Monday, July 9, 2012

Five Cocktails to Help Beat the Heat

These five cocktails are sure to cool you down, and leave you feeling great!


However, I feel I would be irresponsible not to mention that alcohol dehydrates you, so you will need to drink more water to make up for it...but that's a good idea all the time.

Grasshopper Milkshake

This whimsical twist on the grasshopper will leave your taste-buds screaming for more...I scream...


Serves 2
  • 1 ounce creme de menthe
  • 2 ounces creme de cacao
  • 1/4 cup whole milk
  • 6 scoops vanilla ice cream (2 1/4-inch-wide scoop)


1. Place all ingredients in a blender and blend until smooth. Serve in a chilled glass.
2. And if you are awesome like Comfortably Domestic it will be a glass rimmed with sprinkles.

Strawberry Daiquiri

Just close your eyes as you take a sip and it will be so easy to imagine you are at the beach, instead of your living room. Tip: turn your fan on low to simulate gentle "trade winds".


Serves 1
  • 1 oz light rum
  • ½ oz strawberry schnapps
  • 1 oz lime juice
  • 2 tsp powdered sugar
  • 2 oz fresh or frozen strawberries
  • crushed ice
  • whipped cream 

  1. Dip the rim of a glass in strawberry juice and coat it with sugar.
  2. Shake all ingredients well with crushed ice and pour into the sugar coated glass.
  3. Top with whipped cream and a whole fresh strawberry.



You can't make a summer cocktail list without including the best margarita recipe ever.


 Serves 1
  • Salt, for rimming the glass (optional)
  • Ice
  • 1 1/2 ounces tequila (blanco, 100 percent agave)
  • 1 ounce freshly squeezed lime juice
  • 1/2 ounce Cointreau (or GRAN GALA Liqueur
  • Lime wedge


1.  Use lime juice to moisten the rim of your glass and then coat it with salt.
2.  Fill the glass with ice; add tequila, lime juice, and Cointreau; and stir a few times until chilled.
3.  Garnish with lime wedge and serve immediately. 

Pina Colada

Ramon "Monchito" Marrero, a bartender at the Caribe Hilton’s Beachcomber Bar (now called Oasis Bar) in San Juan, Puerto Rico, perfected it in the 1950s using cream of coconut and here is his original recipe. Note: This summertime staple is sweet enough to be a dessert all on it's own, but if you wish to over-indulge check out my previous post on Pina Colada Cupcakes.

Serves 2

  • Pineapple slices and maraschino cherries for garnish (optional)
  • 1 1/2 cup of ice
  • 2 1/2 ounces of Don Q Rum
  • 2 ounces Coco Lopez coconut cream
  • 2 ounces pineapple juice
  • 1/2 cup diced pineapple


1.  Put the ice, pineapple, juice, coconut cream, and the rum into a blender.
2.  Blend until smooth and frosty.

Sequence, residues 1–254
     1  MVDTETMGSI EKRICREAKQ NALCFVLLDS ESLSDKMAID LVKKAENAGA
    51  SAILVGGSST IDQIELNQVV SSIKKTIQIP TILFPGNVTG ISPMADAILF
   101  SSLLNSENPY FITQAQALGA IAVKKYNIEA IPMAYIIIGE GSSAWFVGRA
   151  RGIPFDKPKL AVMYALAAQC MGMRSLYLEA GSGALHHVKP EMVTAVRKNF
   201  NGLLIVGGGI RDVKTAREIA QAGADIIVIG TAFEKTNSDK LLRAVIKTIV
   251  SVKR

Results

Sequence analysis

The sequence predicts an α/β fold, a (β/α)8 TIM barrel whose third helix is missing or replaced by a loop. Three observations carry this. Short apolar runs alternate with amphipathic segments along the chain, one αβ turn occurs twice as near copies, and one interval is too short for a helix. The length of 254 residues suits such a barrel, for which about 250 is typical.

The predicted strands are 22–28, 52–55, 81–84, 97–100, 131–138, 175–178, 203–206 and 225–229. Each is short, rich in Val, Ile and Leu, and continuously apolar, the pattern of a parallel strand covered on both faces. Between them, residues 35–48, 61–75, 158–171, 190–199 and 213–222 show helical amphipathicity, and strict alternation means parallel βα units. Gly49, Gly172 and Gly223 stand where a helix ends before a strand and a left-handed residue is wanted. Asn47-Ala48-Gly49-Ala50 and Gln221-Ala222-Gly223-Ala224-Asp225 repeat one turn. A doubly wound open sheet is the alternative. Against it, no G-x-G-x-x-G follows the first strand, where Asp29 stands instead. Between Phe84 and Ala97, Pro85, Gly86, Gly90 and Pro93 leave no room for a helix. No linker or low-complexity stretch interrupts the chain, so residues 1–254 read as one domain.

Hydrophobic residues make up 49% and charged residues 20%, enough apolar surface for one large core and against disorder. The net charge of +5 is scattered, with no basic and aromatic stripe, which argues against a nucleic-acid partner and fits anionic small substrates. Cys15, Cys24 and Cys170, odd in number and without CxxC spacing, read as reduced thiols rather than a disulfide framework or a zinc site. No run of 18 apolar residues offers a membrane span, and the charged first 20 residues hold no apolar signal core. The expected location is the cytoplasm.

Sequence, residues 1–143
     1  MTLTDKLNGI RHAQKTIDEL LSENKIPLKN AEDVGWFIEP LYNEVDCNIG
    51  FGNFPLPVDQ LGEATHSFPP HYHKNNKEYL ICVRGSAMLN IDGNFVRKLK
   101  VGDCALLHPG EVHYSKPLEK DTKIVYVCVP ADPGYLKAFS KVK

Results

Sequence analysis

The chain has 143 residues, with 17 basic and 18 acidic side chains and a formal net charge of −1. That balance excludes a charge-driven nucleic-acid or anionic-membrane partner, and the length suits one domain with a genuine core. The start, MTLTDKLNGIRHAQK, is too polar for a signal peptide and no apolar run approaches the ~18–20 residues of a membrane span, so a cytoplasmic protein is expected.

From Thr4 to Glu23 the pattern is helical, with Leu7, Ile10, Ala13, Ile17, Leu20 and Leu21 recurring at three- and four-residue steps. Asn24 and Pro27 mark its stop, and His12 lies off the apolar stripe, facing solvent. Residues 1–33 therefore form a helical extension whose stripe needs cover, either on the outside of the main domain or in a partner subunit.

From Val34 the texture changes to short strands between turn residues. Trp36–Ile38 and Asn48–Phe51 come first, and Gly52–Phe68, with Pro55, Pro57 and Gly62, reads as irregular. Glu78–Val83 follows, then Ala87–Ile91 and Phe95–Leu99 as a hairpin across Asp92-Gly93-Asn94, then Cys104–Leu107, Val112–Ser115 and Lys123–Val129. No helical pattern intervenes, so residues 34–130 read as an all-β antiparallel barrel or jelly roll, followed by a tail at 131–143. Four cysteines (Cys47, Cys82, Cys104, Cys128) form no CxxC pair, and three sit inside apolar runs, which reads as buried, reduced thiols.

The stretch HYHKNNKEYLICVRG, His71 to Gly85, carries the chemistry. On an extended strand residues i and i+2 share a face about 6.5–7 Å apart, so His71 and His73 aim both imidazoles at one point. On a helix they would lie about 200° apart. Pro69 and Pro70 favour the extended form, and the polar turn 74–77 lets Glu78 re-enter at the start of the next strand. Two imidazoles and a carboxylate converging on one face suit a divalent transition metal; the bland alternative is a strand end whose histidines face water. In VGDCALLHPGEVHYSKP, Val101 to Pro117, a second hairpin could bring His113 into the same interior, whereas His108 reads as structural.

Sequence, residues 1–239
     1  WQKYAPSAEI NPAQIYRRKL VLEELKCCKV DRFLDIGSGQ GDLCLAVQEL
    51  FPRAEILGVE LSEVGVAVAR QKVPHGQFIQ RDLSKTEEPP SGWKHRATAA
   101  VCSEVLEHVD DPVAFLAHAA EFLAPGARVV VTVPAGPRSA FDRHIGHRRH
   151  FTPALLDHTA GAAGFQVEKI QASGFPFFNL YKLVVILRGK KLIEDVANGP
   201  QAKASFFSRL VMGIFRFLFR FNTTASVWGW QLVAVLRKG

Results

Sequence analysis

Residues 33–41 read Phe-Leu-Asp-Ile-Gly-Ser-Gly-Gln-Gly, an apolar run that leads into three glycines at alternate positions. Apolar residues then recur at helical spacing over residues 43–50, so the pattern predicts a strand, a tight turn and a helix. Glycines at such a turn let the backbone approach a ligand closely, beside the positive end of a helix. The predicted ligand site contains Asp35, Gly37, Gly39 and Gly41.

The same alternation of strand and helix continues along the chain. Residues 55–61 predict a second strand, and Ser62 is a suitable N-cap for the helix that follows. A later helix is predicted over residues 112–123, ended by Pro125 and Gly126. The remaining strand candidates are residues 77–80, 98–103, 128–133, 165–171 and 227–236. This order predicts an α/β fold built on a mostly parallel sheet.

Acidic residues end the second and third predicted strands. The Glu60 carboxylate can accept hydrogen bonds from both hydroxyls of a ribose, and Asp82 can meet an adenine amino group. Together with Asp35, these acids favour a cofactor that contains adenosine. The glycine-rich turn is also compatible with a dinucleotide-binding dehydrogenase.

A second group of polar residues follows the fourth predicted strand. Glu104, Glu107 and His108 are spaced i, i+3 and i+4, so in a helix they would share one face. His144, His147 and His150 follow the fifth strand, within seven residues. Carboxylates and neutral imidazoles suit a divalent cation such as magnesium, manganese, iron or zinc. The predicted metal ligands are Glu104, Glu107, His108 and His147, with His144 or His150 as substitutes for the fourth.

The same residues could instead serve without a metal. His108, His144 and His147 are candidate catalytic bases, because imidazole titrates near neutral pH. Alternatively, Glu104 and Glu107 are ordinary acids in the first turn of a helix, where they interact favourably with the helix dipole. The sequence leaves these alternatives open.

3. Pour the drink into 2 glasses and garnish the rim with pineapple slices and maraschino cherry.


Upon tasting this cocktail at Polynesian-style lounge Trader Vic’s (then called Hinky Dink) in Oakland, California, in 1944, a Tahitian guest remarked, “maita'i ro'a 'ae,” meaning “out of this world.” Hence the name mai-tai, or so the story goes.

Serves 1

  • Juice of 1 lime
  • 1 1/2 cup of ice
  • 1 ounce light rum
  • 1 ounce gold rum
  • 1/2  ounce orgeat syrup
  • 1/2 ounce orange Curaçao or Cointreau
  • Sprig of Mint (for garnish)


1.  Combine ingredients in a shaker with crushed or cracked ice and shake vigorously.
2.  Pour, with shaken ice, into a double old-fashioned glass and garnish with the spent lime shell and a sprig of fresh mint. 

Tip:  For an added kick , float an extra 1/2 ounce of dark rum atop it. 

Homemade Orgeat Syrup

1.1 pounds blanched or toasted blanched almonds
1.5 pounds sugar (1/2 demerara, 1/2 white)
1 tablespoon orange-flower water
2 teaspoons almond extract.

Combine almonds with 11 ounces of water in a blender and blend briefly until uniformly but roughly chopped. Pour into a nonreactive bowl and add one liter of boiling water. Stir well and let stand for three hours. Line a sieve or chinois with overlapping layers of fine cheesecloth, arranging them in an X pattern and leaving a fair amount trailing over to grab hold of. Pour in the mixture and allow it to filter through, assisting with a wooden spoon if necessary. Fold up the ends of the cheesecloth carefully to trap the pulp in a bag and squeeze out the remaining liquid. (This is important, as the pulp retains a fair amount of emulsion.) Discard cheesecloth and pulp. Place emulsion mixture in a pan, add sugar and heat mildly through (140 degrees or less), stirring until sugar is fully dissolved. Remove from heat and allow to cool to room temperature. Add orange-flower water and almond extract and funnel into a clean, capped bottle to refrigerate. Optionally you may add 2 or 3 ounces of vodka to the syrup, as a preservative. Yields about 1.6 liters.

Note: The syrup will separate after a short while. Simply shake it up again before using.


  1. Why is it you called it that way? You called one of the drinks as a grasshopper. What is the reason behind the name. I really love to try making some of that.

    1. I actually stumbled upon it at a restaurant and had never heard of it before either so was intrigued. After having one I realized the only way it could be improved upon was by making it into a milkshake. The name of the drink is derived from its green color, which is provided by the crème de menthe. There are some shake recipes that recommend mint ice cream instead of vanilla, but I believe that would take away from the purity of the grasshopper.


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